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Southern Wisconsin Cheesemakers' and Dairymen's Association / Proceedings of the tenth annual meeting of the Southern Wisconsin Cheesemakers' and Dairymen's Association held at Monroe, Wisconsin, Thurs. and Fri., January 27 and 28, 1910
(1910)

Stauffacher, Sam J.
Annual address,   pp. 33-43 PDF (2.0 MB)


Page 42


42            TENTH ANNUAL CONVENTION
worked up on the cooperative plan an  averaged time in
proportion to the sale of the cheese has often proven
troublesome and unsatisfactory.
Southern Wisconsin is practically the o-'y section in
Wisconsin where milk is paid on such a basis. In most
localities some test as the Babcock Test or same other test
is used with the best of satisfaction. Everi now and then
we see in our daily papers on account of some man who
has been fined $23.00 and costs for skimming or watering
milk. This procedure painful and humilating as it may
be to the perpetrator, never can pay the loss sustained by
the patrons of a factory where such work is carried on.
The financial interests of every patron delivering milk to
a factor in Southern Wisconsin demands that only the
purest and best milk passible be delivered. To prevent this
temptation of watering and skimming milk to increase
ones check at the loss and expense of others is wrong and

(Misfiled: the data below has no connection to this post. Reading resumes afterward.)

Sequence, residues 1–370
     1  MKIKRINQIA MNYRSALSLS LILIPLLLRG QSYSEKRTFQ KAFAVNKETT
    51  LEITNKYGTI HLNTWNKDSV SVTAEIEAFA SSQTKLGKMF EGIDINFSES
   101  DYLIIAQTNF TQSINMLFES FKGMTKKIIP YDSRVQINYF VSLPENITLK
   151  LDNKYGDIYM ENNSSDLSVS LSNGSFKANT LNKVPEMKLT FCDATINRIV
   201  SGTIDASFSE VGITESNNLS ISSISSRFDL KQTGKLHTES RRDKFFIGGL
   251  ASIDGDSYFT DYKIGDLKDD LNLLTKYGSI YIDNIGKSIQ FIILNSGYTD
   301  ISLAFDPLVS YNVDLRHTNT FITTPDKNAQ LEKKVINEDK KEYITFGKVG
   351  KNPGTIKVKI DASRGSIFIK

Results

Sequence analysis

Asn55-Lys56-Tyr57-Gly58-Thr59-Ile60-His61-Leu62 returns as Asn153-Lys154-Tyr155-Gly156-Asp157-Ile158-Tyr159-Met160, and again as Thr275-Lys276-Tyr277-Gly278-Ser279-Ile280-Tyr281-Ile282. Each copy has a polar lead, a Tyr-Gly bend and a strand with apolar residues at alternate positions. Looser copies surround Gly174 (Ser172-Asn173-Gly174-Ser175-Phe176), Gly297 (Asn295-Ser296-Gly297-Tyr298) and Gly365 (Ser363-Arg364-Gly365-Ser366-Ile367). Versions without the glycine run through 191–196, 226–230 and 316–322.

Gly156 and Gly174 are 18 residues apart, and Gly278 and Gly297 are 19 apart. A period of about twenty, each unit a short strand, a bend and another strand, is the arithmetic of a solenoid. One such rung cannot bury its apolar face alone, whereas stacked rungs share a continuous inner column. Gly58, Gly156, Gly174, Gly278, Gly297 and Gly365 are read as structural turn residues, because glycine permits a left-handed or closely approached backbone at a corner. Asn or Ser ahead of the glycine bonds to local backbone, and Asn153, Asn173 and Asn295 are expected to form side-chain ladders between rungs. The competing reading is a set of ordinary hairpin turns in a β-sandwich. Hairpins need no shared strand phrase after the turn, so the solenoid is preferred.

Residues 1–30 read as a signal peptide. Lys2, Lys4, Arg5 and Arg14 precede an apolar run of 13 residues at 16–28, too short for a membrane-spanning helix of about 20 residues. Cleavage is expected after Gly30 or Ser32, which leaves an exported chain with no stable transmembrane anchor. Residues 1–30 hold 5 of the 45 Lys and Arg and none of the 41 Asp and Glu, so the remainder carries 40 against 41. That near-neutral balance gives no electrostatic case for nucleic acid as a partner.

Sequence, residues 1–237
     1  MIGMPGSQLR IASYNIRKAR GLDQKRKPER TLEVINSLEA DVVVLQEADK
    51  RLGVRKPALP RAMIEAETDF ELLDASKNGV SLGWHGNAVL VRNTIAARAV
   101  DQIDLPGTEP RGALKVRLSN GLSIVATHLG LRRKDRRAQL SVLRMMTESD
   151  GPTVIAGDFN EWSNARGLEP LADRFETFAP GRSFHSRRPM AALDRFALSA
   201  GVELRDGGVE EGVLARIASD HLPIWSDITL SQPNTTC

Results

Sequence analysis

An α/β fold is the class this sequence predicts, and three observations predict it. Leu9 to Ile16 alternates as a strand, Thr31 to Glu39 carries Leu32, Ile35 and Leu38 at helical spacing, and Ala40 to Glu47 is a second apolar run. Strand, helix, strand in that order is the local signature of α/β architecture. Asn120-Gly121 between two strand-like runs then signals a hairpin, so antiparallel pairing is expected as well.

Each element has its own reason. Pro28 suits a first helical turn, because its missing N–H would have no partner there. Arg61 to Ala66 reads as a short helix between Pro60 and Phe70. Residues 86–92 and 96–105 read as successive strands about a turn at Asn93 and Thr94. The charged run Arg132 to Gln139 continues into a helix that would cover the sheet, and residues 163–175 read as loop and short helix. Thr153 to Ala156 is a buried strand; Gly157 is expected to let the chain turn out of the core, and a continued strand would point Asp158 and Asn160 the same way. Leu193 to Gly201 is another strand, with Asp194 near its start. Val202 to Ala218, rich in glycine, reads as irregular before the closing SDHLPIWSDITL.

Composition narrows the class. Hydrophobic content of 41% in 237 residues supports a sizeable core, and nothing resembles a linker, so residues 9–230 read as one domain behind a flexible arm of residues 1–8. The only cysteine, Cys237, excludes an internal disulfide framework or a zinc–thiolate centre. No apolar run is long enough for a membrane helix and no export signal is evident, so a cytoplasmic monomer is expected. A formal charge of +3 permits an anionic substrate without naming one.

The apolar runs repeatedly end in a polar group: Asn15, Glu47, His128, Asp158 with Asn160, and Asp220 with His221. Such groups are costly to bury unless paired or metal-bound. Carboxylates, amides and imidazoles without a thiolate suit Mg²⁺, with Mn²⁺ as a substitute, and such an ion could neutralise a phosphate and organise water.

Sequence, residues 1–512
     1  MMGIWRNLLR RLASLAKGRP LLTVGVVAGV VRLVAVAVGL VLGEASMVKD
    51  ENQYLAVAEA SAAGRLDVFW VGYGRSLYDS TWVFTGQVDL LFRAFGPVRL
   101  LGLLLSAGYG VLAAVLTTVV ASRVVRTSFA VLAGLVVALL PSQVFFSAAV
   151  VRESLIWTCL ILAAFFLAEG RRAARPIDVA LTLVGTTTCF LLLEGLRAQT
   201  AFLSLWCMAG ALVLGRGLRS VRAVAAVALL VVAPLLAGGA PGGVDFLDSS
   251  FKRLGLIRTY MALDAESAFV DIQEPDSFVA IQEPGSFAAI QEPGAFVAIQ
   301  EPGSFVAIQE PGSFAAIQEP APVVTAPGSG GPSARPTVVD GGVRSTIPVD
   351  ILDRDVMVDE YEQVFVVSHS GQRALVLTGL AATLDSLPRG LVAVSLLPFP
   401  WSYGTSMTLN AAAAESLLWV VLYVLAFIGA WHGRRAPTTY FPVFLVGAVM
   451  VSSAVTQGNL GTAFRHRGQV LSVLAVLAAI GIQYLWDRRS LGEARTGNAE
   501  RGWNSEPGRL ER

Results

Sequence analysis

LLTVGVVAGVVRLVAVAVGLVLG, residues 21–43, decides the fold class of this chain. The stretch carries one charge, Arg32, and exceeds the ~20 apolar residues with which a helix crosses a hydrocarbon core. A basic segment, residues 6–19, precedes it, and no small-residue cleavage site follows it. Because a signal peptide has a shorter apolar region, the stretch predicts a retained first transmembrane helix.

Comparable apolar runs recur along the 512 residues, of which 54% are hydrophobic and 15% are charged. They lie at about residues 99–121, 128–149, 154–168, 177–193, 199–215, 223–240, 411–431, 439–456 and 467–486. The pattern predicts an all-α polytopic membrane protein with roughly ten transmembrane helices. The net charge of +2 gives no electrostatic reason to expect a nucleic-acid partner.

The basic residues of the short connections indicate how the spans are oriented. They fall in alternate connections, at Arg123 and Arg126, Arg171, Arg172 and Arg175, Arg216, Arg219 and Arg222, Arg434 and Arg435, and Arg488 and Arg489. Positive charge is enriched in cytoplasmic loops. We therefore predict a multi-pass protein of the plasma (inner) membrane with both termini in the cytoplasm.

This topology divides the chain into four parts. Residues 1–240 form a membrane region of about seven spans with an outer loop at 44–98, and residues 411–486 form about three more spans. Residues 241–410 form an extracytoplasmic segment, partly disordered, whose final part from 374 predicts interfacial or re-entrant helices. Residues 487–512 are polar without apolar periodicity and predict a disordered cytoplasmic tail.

and as already stated a fine of $25.00 and costs can never
make this wrong right. Moreover, this method does not
seem to be able to stop this matter, so the only just and
fair way to all parties concerned would be to pay by test.
By this method the only party wronged and loss sustained
is the poor duped person who spends his time and energy
in skimming or watering the milk.
It might also be well for this Association to closely
watch the attitude of our law makers in regard to what
stand they take toward the furtherance of our great indus-
try. We have immediate interests which our chosen repre-
sentatives should closely and actively look after at our
state and national capitols. Never in the history of our
country has political liberty been so nearly throttled as at
the present time, but there is one good sign and that is
the American people will not stand for it, the American
people will not stand for one man in congress to dictate
what the rest shall do. For the dairymen of southern
Wisconsin, the state and the nation have to great interest
at stake, to silently let such proceedings pass by unnoticed.


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